Report From Planet Ted "Several people close to Mr. Turner said he planned to devote himself to private philanthropy, his many ranches around the world, his chain of bison-meat restaurants, and his private film company." --New York Times, Jan. 30, 2003
By Jerry Useem

(FORTUNE Magazine) – Add one more to the list of things His Effervescence is likely to pursue in retirement: a singular crusade to stimulate the economy, to boost an American icon, and perhaps even to lift his own sagging net worth. It's about buffalo bills. Ted Turner wants the U.S. Treasury to reissue a 100-year-old $10 note starring his favorite animal, the American buffalo. "He's really written me about this," former Treasury Secretary Paul O'Neill said at an event last fall. "I saw him first at a dinner, and he raised this issue with me. I think he told me he'd buy a billion dollars' worth...and retire them."

The object of Turner's preoccupation is a $10 bill, issued between 1901 and 1925, that features a lovingly rendered Bison americanus--one of the few animals to upstage Presidents and statesmen on the front of U.S. legal tender--flanked by portraits of the explorers Meriwether Lewis and William Clark. On April 10, 1901, the New York Times called it "as artistic as any [bill] that has been issued in many years." Today collectors pay up to $5,000 to possess one.

"I bought a couple of the bills," says Turner, who sometimes carries one in his wallet and owns a necktie festooned with images of it. "They cost $3,000 each. And I told Paul O'Neill they cost a nickel to print. And if you printed a billion dollars' worth, they'd go out of circulation almost immediately because collectors would buy them. And you'd create a billion dollars of capital."

O'Neill, no stranger to unusual economic theories, left office without acting on the idea. But Turner says the timing would be perfect: "It's the 200th anniversary of Lewis and Clark. That's a really big deal."

The original bill is not without controversy. Most numismatists agree that it was timed to commemorate the centennial of Lewis and Clark's expedition across the American West, but the animal depicted on it didn't roam the open plains. The creature in the portrait was Black Diamond of the Bronx Zoo, a 1,500-pound castoff from the Barnum & Bailey circus whose sloping shoulders and depressive demeanor caused his zookeeper to rate him a "sad failure." Or at least that's the orthodoxy. "I always thought it was Black Diamond on the note," says Arthur Friedberg, author of Paper Money of the United States and president of the Coin and Currency Institute, "and then the Pablo revisionists came to the fore." This renegade school insists it was actually Pablo, a star attraction at the National Zoo in Washington, D.C., and eventual model for a 30-cent stamp, who sat for the bill's portrait.

If Black Diamond's depiction is now a matter of uncertainty, his depression was certainly reflective of the condition of his species, whose numbers had plummeted from 60 million to fewer than 1,000 by the turn of the century. "The brush that bison had with extinction, I think, has always resonated with Ted," says Russ Miller, general manager of Turner's 14 ranches. "They're survivors. They are strong spirited. We have a saying on the ranches--you can get a bison to do anything it wants to do."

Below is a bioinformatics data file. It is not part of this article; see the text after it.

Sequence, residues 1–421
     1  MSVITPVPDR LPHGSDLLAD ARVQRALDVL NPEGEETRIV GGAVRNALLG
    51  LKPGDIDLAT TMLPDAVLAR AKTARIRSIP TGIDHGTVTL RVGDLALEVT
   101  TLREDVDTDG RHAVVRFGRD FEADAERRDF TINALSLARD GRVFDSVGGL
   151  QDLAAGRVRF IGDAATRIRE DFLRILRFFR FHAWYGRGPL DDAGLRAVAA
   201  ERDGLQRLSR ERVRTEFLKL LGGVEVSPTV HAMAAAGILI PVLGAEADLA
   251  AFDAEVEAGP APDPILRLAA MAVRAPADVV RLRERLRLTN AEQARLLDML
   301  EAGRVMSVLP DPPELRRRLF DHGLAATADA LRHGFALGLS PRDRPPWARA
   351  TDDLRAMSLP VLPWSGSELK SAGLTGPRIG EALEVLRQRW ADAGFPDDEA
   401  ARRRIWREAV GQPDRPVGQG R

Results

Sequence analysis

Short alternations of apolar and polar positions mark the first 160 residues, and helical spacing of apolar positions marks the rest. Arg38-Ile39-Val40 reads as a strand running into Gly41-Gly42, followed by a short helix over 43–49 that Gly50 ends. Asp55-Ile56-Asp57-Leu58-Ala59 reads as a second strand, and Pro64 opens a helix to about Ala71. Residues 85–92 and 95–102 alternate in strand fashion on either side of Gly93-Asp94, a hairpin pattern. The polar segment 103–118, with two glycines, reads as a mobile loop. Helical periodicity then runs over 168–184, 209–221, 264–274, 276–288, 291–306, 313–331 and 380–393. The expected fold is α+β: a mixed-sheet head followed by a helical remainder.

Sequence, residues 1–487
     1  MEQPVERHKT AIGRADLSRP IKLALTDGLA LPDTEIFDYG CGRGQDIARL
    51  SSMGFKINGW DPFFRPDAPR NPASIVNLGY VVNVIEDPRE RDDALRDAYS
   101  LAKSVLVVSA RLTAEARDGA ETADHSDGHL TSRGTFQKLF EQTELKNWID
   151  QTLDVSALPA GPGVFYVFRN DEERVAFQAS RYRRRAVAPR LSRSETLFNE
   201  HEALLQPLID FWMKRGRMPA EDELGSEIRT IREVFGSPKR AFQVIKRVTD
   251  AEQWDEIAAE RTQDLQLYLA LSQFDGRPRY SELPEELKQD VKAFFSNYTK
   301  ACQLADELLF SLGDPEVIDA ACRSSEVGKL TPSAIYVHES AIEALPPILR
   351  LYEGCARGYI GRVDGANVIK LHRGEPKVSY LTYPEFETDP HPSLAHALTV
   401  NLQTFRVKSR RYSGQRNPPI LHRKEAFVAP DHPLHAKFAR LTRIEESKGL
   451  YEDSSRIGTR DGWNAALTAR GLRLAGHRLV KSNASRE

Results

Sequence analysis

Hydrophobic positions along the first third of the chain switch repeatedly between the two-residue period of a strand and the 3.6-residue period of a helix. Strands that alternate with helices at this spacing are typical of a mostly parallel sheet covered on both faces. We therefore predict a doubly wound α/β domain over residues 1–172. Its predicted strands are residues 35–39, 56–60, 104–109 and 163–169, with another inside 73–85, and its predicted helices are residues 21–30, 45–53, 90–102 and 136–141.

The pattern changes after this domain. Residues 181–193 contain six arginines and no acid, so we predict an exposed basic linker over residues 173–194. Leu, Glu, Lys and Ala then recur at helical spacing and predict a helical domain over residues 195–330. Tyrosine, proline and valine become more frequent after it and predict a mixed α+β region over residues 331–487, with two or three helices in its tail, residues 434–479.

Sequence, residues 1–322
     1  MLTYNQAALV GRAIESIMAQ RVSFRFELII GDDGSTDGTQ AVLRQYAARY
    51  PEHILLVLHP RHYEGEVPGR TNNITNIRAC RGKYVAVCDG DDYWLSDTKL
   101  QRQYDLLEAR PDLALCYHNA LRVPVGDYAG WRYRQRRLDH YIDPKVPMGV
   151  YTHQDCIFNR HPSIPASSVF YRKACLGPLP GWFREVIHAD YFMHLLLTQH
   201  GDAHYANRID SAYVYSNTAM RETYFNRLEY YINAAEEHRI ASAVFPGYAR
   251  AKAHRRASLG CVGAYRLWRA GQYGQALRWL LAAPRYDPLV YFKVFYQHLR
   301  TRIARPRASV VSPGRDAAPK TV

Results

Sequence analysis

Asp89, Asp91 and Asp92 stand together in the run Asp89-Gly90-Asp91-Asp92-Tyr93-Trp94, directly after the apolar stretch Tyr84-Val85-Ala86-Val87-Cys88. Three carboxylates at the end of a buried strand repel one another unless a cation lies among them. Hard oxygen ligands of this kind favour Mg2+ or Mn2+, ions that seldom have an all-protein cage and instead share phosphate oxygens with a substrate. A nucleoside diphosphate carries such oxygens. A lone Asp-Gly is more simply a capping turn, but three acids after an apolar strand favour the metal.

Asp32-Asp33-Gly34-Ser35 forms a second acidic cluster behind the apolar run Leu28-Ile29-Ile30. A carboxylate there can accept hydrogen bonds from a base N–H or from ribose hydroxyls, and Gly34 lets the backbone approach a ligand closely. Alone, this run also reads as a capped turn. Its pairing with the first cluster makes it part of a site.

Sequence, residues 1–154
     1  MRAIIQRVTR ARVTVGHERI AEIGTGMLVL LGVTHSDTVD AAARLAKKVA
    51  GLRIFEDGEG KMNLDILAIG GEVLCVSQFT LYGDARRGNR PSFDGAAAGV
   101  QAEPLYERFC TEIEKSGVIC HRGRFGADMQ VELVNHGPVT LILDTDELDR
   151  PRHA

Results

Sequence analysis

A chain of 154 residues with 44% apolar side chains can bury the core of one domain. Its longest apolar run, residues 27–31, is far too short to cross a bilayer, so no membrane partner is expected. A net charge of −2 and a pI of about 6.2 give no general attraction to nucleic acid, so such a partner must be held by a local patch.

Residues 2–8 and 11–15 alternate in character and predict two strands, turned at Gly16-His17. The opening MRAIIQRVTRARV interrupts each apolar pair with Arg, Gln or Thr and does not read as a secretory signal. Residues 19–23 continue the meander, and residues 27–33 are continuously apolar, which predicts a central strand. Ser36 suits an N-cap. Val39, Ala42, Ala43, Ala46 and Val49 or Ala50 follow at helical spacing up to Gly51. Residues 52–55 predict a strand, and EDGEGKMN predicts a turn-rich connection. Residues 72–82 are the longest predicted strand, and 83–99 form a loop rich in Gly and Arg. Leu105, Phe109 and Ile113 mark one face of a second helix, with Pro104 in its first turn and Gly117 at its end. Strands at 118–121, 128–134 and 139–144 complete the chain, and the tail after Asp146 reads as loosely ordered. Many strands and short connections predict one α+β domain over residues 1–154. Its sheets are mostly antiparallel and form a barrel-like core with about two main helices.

If feelings of kinship are a motivation for the famously headstrong CNN founder, they aren't the only one. "What's in it for me?" Turner asks. "Nothing! Well, nothing except collaterally I promote bison." He's the nation's largest breeder of them, with some 30,000 head roaming his 1.8 million acres in Montana and five other Western states. Lately the price of bison meat has been roaming deep into bear territory, plummeting even further (85%) over the past two years than the price of Turner's AOL shares. (His offer to buy $1 billion of the notes may no longer stand, as he is already hard-pressed to deliver on his last billion-dollar gesture, a pledge to the United Nations. Asked whether the organization would accept the balance in $10 buffalo increments, a UN spokeswoman expressed confusion.) In part to spur demand, Turner has been expanding his chain of restaurants, called Ted's Montana Grill, which feature 20 varieties of bison burgers, bison strip loin, bison short ribs, roast bison French dip, and a bison head above the bar. So would buffalo money be, in effect, free advertising? "He owns 30,000 of the [nation's] 300,000 bison," interjects his companion, Frederique D'Arragon, "so he wouldn't just be promoting his bison, but the whole industry."

One hurdle: At seven inches by three inches, the buffalo bill wouldn't fit in today's wallets. (The current 6 1/8-by 2 3/5-inch standard wasn't adopted until 1928.) In Turner's favor, on the other hand, is international precedent: Belarus's 100-ruble note features a local bison variant known as the zubr, while Chad, Zambia, and Zimbabwe have all put water buffalo on their paper currency. And if O'Neill's successor at Treasury, John Snow, has been silent on bison issues, the animal has found favor elsewhere in the administration. At a White House taste-off to determine the menu for a 2001 state dinner for Mexican President Vicente Fox, pepita-crusted bison went head-to-head with two beefsteak dishes and received a decisive "This is it" from George W. Bush.

In any case, Turner wouldn't be the first to link the elevation of this American symbol with its consumption. Just two years after Black Diamond achieved immortality in metallic form--this time posing for the famous 1913 buffalo nickel--he was sold to a meatpacking company, cut into steaks, and served at Delmonico's Restaurant in Manhattan. His mounted head was last seen at a currency collectors' convention.